Sunday, October 28, 2007

One night out

I am glad I didn't try to find a private room in someone's house. Had I rented a room somewhere, I'd never have the experiences I've had so far. Indeed, I'd probably find it rather lonely.

A couple of nights ago, we went out to see a Japanese drum band at the town theater. Fedio, the host of the hostel, had some friends visiting, so the Bulgarians outnumbered us foreigners. There was an Aussie, Englishman, Japanese, and Czech among us.

I'm not sure why this continues to amaze me, as it is no different from DC, where I worked and hung out with a Czech, a Russian, and Uzbeki, and a German-Uruguan guy who grew up in Costa Rica, among others. Yet, I am still fascinated by the internationalization of the world.

The band were a bunch of kids, really, early twenties at mot, and they were briliant musicians. There were three main guys - one who played a shamisen (3 stringed lute type of instrument) and two drummers. Three others also played in some of the compositions, but the main three stole the show. They started out with traditional Japanese music, which was as visually pleasing as it sounded. The second half was modern, with the shamisen guy playing his instrument like an electric guitar in a rock band. The result was an eclectic mix of the sounds of centuries, and it really worked.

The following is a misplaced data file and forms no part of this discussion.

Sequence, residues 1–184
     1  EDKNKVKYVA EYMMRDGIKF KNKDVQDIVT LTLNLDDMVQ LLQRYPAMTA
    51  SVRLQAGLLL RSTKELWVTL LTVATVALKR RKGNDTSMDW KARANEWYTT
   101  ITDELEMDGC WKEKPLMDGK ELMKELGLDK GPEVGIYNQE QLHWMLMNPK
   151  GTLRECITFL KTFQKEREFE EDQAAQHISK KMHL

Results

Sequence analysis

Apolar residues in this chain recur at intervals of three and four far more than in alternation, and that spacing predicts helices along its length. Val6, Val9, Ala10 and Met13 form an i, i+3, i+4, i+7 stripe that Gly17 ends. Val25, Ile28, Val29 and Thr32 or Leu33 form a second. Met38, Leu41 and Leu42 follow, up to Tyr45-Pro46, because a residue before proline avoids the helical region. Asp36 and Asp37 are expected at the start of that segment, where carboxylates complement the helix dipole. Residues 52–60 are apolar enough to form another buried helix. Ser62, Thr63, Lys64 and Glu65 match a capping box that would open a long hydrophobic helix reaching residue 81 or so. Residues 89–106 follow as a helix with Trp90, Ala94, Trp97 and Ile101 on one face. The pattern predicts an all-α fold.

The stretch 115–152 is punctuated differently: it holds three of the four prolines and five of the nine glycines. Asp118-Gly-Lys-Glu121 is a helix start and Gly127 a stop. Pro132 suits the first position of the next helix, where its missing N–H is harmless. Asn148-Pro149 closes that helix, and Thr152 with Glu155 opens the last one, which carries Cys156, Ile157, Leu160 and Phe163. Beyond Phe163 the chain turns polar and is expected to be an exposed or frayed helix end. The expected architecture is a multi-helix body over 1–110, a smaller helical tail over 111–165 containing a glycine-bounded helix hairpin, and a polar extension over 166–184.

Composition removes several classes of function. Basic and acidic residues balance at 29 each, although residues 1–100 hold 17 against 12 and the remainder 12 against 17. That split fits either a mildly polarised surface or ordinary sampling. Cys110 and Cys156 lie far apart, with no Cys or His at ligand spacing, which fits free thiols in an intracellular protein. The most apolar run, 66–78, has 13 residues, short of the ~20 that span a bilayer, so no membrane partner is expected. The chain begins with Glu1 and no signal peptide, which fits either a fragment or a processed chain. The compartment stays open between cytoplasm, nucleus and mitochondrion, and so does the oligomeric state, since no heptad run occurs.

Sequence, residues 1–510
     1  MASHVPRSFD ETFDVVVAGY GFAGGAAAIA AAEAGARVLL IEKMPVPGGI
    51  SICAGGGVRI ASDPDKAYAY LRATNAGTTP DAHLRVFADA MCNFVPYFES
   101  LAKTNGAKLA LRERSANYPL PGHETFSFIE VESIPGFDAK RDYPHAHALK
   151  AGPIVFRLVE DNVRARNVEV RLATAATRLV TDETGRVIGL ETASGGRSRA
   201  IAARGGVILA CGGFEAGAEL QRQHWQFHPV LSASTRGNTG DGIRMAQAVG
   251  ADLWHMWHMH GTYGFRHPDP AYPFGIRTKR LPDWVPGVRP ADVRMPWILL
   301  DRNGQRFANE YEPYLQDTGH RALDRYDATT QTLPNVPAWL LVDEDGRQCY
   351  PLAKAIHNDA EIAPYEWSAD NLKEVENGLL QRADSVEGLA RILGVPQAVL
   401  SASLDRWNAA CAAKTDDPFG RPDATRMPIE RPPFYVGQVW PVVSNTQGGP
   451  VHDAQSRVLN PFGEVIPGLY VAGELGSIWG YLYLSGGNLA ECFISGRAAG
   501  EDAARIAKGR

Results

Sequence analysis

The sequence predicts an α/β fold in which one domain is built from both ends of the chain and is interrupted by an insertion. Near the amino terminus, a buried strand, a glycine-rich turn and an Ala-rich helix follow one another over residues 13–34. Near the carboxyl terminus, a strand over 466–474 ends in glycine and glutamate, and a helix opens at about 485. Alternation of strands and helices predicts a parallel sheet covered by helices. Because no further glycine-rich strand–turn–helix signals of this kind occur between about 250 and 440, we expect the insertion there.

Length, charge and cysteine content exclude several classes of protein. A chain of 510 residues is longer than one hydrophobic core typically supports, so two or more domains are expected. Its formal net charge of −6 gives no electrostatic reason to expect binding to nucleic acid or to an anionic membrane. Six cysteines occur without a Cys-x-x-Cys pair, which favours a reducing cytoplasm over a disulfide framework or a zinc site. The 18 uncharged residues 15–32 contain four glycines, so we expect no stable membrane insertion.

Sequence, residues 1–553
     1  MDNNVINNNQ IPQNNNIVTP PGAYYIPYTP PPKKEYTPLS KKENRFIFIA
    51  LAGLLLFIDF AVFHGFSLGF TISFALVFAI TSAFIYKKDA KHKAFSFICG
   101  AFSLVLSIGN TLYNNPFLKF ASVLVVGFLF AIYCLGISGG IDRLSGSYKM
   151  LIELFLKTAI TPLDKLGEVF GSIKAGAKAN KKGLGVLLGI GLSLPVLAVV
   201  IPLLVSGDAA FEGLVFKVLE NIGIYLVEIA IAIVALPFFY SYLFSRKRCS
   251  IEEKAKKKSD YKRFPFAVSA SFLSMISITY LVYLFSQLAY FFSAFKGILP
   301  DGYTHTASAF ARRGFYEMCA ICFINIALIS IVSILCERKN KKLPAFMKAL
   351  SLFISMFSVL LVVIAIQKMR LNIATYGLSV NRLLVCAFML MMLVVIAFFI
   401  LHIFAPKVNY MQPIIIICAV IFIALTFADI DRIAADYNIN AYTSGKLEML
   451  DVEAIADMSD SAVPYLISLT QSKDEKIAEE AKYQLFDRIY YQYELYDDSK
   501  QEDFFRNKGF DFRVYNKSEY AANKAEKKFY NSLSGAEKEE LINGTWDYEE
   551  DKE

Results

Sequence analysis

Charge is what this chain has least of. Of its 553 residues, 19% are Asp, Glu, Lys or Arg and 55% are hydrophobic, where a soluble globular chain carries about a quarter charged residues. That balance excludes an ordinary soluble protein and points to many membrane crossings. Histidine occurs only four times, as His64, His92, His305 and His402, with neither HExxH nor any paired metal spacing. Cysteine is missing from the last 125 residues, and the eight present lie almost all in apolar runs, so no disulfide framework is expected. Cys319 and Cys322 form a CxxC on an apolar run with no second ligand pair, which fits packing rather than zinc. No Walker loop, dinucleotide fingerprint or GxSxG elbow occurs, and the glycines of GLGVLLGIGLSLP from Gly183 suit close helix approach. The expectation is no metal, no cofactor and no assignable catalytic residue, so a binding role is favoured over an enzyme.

After the show, I went with the Bulgarians to get some dinner while the others headed to a bar that we had all gone to the night before. The Bulgarians spoke for much of the time in Bulgarian, and I merely listened, tried to pick out the few words I know, and recognized a few patterns, which is vital to learning a language. I thought of that Antonio Banderas movie The Thirteenth Warrior, where he is a Moor sitting around a fire with a bunch of Vikings. By the end of the night, not only is he able to understand the insults the Vikings are using against him, but he responds to them in their language. When one of the Vikings asked incredulously how he knew their language, he responded, "I listened." Funny thing was one of the Bulgarians also brought up the scene in this movie. Unfortunately, I have not been able to learn the language in one night! If only it were that easy! But I did find that although I didn't understand their words, I knew often knew what they were talking about. And why didn't they speak in English since I was sitting there? Why should they? When I had something to say, I said it, but mostly I wanted to listen.

1 comment:

  1. Awww, Cathy, you still remember us! :) Good to read your blogs and have this amazing experience!